A typical force-time curve for a common force plate test: the CMJ, with the correlated movement associated with the force trace and phases of movement.
A typical force-time curve for a common force plate test: the CMJ, with the correlated movement associated with the force trace and phases of movement.

In ForceDecks software, the total vertical GRF is shown by a grey line.  In addition, since ForceDecks is a dual force plate system – using two plates, one for each side – the left (blue line) and right (orange line) GRF are also displayed. This enables continuous assessment of symmetry, or asymmetry, between the left and right sides throughout the jump.  

The three force traces displayed in the ForceDecks app, representing left (blue), right
(orange) and total (grey) force.
The three force traces displayed in the ForceDecks app, representing left (blue), right (orange) and total (grey) force.
This enables continuous assessment of symmetry, or asymmetry, between the left and right sides throughout the jump.  

An acceleration-time curve is derived from the force data (given that force = mass x acceleration), from which the centre of mass velocity is calculated by integrating acceleration with respect to time. With both force- and velocity-time curves calculated, a power-time curve can also be derived (since power = force x velocity). Thus, a multitude of variables related to force, velocity, power, and symmetry are calculated for different jump phases (concentric, eccentric, and landing), as well as specific landmarks. 

Key landmarks of a force trace produced from a typical CMJ performed on ForceDecks.
Key landmarks of a force trace produced from a typical CMJ performed on ForceDecks.

Key Considerations in Force Plate Usage

Proper use and consistent setup of force plates are essential for collecting valid and reliable data. Critical factors include:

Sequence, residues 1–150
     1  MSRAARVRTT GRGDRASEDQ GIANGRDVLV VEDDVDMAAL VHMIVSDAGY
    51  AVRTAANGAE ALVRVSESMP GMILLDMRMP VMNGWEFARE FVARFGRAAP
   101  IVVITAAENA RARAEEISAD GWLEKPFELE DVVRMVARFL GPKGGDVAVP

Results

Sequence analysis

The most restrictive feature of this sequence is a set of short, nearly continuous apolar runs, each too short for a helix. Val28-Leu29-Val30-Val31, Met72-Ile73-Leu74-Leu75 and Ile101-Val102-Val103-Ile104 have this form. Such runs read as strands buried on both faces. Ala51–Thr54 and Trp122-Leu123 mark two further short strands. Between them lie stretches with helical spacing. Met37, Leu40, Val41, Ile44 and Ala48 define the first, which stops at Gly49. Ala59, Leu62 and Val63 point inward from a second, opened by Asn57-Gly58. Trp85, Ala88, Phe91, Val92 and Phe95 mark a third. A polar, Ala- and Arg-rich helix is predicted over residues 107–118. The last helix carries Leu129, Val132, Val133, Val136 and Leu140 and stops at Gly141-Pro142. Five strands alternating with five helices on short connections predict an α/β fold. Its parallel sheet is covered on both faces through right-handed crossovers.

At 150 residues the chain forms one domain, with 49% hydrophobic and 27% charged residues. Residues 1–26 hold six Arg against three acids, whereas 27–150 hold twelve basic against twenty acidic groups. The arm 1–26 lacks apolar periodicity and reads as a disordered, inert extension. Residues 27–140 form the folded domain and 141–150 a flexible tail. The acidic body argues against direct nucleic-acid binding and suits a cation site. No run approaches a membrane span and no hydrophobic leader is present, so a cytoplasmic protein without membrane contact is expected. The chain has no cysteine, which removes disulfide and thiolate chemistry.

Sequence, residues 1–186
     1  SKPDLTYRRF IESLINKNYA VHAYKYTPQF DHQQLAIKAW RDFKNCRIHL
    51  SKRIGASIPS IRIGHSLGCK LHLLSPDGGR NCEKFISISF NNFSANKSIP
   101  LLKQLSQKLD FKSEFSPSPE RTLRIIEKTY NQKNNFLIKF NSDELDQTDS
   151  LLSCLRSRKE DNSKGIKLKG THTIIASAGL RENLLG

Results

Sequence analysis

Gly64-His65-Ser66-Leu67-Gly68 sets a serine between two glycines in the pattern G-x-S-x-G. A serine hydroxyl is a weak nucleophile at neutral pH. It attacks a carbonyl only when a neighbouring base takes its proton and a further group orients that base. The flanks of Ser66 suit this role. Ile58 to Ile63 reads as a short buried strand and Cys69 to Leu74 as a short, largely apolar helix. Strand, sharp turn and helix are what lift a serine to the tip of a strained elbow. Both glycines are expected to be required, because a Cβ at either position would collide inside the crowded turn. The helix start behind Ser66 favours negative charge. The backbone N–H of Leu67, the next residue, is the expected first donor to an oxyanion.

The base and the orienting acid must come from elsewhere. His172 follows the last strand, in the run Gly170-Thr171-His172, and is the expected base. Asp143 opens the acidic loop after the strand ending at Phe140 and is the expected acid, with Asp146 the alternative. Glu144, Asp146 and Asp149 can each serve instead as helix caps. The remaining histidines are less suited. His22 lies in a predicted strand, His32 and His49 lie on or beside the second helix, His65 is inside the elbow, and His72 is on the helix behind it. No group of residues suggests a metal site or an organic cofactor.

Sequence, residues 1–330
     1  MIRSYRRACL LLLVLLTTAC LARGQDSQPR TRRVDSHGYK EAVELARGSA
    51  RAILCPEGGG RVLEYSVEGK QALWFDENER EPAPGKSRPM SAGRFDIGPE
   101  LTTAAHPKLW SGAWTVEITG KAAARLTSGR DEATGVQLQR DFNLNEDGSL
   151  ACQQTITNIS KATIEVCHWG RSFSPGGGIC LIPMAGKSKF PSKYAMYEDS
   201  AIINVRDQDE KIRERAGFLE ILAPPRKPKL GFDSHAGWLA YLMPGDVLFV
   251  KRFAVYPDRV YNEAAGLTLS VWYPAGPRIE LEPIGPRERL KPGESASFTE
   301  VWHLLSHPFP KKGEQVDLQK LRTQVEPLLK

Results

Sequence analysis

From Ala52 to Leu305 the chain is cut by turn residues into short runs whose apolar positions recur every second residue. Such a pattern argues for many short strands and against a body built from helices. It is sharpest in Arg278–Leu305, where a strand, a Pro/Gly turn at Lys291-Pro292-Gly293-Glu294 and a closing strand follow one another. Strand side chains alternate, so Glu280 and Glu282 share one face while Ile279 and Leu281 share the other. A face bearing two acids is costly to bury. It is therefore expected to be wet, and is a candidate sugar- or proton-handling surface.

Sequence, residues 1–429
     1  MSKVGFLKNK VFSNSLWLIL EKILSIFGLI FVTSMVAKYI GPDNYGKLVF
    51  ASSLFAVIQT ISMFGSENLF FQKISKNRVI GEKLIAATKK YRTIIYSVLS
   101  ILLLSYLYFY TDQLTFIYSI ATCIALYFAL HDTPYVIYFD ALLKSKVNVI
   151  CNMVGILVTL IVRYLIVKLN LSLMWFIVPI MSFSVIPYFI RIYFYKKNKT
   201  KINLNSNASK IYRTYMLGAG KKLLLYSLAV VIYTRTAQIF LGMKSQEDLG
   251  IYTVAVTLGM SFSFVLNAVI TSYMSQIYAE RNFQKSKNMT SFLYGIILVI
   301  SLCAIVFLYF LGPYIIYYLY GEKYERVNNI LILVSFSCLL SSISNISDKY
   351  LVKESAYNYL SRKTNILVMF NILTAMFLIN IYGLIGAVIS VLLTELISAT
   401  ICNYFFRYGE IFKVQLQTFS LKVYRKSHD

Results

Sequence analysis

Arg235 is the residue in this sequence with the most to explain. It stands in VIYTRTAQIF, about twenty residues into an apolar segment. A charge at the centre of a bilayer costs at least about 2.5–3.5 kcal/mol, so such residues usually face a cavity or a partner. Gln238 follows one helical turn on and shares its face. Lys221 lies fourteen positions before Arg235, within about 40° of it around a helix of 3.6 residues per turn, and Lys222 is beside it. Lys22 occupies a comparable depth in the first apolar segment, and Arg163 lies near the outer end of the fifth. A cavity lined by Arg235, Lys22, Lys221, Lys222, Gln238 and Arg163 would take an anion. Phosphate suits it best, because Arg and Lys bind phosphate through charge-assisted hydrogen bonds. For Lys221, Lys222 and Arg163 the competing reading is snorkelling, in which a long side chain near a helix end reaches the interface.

• Technical specifications: ForceDecks software is compatible with a range of force plate technologies. Ensure the force plates have sufficient load capacity (maximum force the hardware can tolerate) and sampling frequency (the number of times per second a data point is measured) for your population and applications. More information on these specifications can be found here.
  • Mobility and setup: ForceDecks technology is portable, making them ideal for taking to different settings, such as preseason camps, away games, and clinics. However, the hardware should be set up in a suitable location each time, most importantly with a solid and consistent surface below it.
  • Calibration: Factory-standard calibration means plates should not need calibrating regularly in the field. Users should, however, check plates are set up correctly and reporting force correctly. Users can verify this by measuring a known load (of at least 50kg/100lb), although there will also be variation in standard weight plates.
  • Collection consistency: While controlling external factors is challenging in sports or clinical settings, maintaining consistent routines, testing times, and warm-ups is vital.
  • Testing protocol: Use a consistent test protocol for repeatability across trials, individuals, and days. VALD provides an extensive testing protocol library in its Knowledge Base.
  • Quiet pre-jump period: Although this falls within the testing protocol, it is such an important point that it is worth reiterating by itself! Accurate body mass measurement before the jump is crucial for subsequent analysis. Therefore, ensure this is accurate by having the individual standing still immediately prior to the jump.

Selecting Force Plates Tests